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Korea, Japan urge U.N. to discuss North Korea

TOKYO (AFP) - Japan and South Korea's foreign ministers said
Wednesday that the U.N. Security Council should take up the issue of North
Korea's uranium enrichment programme with a view to possible punishment.

Seiji Maehara of Japan and Kim Sung-hwan of South Korea told a news
conference that the North must take concrete steps to give up its nuclear
programmes as it had previously agreed.

"We confirmed that North Korea's uranium enrichment programme is a
violation of a U.N. Security Council resolution and a joint statement under six
party talks," Maehara said at the close of a meeting with Kim in Tokyo.

"We agreed that the international community's concerns over uranium
enrichment should be taken up at an appropriate forum like the U.N. Security
Council," Maehara said.

Kim Sung-hwan, South Korean foreign minister (left), and his Japanese counterpart Seiji Maehara shake hands before their meeting in Tokyo on Wednesday. (Yonhap News)
Kim Sung-hwan, South Korean foreign minister (left), and his Japanese counterpart Seiji Maehara shake hands before their meeting in Tokyo on Wednesday. (Yonhap News)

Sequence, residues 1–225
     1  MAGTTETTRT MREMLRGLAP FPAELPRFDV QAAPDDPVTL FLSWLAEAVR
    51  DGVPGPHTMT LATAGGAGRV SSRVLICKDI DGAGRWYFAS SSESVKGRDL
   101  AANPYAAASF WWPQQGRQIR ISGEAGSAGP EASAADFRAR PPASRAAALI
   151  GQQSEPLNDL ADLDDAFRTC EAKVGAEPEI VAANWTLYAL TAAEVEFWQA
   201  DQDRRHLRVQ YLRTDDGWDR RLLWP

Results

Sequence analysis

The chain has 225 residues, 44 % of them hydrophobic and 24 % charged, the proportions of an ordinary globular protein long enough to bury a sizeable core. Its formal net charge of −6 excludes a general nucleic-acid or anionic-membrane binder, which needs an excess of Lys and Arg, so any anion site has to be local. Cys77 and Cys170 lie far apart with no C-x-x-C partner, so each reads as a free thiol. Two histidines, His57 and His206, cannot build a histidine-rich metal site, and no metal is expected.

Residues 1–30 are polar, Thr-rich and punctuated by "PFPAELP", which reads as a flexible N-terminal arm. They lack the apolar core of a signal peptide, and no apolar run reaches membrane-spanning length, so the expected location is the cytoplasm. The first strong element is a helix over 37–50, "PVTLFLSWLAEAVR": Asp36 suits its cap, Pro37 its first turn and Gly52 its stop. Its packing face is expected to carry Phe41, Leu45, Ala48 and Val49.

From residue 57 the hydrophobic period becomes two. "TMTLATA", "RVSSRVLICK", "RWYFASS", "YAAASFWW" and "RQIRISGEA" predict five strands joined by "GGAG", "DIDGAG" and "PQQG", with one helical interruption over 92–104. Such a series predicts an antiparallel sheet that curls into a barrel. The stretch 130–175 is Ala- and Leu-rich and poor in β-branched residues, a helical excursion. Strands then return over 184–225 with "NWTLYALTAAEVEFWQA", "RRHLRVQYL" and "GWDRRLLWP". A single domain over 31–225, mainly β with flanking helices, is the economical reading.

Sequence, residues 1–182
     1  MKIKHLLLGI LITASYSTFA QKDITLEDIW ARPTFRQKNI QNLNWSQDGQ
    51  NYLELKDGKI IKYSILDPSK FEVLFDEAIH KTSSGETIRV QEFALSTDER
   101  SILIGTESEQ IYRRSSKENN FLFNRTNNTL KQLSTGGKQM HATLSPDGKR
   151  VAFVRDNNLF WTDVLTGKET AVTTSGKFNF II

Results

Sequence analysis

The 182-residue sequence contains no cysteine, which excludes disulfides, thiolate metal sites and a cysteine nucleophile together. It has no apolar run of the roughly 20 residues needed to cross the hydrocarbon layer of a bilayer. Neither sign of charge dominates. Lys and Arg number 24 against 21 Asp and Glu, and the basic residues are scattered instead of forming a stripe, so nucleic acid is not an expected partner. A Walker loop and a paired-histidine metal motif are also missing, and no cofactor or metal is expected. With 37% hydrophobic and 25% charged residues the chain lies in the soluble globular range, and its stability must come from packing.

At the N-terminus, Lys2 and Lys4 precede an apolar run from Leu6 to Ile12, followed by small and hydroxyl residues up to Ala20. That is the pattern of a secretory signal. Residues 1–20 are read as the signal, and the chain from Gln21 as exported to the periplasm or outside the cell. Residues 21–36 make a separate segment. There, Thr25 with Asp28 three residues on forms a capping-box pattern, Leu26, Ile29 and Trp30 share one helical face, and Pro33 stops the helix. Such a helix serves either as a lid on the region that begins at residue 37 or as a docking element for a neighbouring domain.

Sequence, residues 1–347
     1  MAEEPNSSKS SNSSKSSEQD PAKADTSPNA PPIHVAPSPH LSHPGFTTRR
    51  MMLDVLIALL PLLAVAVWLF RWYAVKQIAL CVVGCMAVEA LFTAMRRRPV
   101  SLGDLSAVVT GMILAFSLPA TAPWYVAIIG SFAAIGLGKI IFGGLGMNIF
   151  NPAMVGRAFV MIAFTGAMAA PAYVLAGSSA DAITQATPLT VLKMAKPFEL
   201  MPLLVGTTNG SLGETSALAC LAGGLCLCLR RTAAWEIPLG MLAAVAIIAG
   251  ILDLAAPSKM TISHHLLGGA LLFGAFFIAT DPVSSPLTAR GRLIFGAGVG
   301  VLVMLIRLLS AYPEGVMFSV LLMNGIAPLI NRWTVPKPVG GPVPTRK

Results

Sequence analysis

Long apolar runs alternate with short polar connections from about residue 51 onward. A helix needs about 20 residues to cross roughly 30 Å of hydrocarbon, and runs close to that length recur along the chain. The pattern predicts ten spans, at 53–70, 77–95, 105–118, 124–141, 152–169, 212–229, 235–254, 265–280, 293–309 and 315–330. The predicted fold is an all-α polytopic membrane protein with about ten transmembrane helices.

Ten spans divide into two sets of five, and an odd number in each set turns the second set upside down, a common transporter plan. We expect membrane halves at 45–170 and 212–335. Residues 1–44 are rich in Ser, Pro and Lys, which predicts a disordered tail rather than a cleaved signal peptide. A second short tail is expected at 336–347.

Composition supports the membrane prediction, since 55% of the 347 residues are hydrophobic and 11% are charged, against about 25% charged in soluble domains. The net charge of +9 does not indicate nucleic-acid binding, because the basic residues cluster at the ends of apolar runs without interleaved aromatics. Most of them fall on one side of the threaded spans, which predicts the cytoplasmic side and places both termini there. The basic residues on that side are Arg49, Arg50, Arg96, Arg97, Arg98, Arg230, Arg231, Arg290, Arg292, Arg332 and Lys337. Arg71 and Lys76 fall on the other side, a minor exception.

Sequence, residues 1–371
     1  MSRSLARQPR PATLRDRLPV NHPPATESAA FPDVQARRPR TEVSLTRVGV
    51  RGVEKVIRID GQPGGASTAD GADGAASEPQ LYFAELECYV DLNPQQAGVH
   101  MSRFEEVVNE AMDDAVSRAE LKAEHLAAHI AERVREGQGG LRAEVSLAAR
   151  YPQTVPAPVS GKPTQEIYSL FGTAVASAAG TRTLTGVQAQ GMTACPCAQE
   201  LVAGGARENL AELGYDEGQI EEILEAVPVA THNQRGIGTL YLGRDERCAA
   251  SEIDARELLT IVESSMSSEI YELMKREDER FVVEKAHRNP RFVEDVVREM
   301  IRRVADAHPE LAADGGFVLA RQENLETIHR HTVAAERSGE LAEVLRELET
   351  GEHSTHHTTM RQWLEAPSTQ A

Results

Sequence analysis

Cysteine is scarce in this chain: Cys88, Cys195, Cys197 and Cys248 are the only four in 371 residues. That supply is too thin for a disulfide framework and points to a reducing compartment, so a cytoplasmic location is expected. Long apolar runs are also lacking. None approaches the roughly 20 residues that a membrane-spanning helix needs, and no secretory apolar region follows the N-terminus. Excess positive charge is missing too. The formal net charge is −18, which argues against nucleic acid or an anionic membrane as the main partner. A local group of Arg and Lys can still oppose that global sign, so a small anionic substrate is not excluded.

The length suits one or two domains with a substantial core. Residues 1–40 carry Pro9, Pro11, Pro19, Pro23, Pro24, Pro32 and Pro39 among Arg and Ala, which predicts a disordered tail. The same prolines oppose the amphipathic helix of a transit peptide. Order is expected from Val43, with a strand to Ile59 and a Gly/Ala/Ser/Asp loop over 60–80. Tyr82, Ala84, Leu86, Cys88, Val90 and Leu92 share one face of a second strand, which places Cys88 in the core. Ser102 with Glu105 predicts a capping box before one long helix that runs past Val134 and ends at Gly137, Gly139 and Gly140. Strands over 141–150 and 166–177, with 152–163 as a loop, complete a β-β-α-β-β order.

Tokyo and Seoul will work with Washington to persuade others to bring South
Korea before the global body, Maehara said.

China opposes taking the issue to the Security Council.
Beijing wants six-party disarmament talks revived as part of a process to
ease tensions on the peninsula. But the United States and Japan say Pyongyang must mend ties first with Seoul.

Kim said Seoul was keeping its door open for talks with Pyongyang but "the
North must show its sincere attitude" to make progress in improving relations.
"We don't believe in holding talks for the sake of holding talks," Kim said.

North Korea showed off its new enrichment programme to visiting U.S. experts
in November.
It says the plant will be part of a peaceful nuclear power project, but
experts say it could easily be reconfigured to produce material for atomic
weapons.

The six-nation talks grouping China, the United States, the two Koreas,
Russia and Japan, have been in stasis since December 2008.

The U.N. Security Council has ordered the North to shut down all atomic
activities following two tests of plutonium bombs.

The tense ties between the two Koreas deteriorated further following the
North's shelling of a South Korean island on Nov. 23, which killed four
people including two civilians and briefly raised fears of all-out war.

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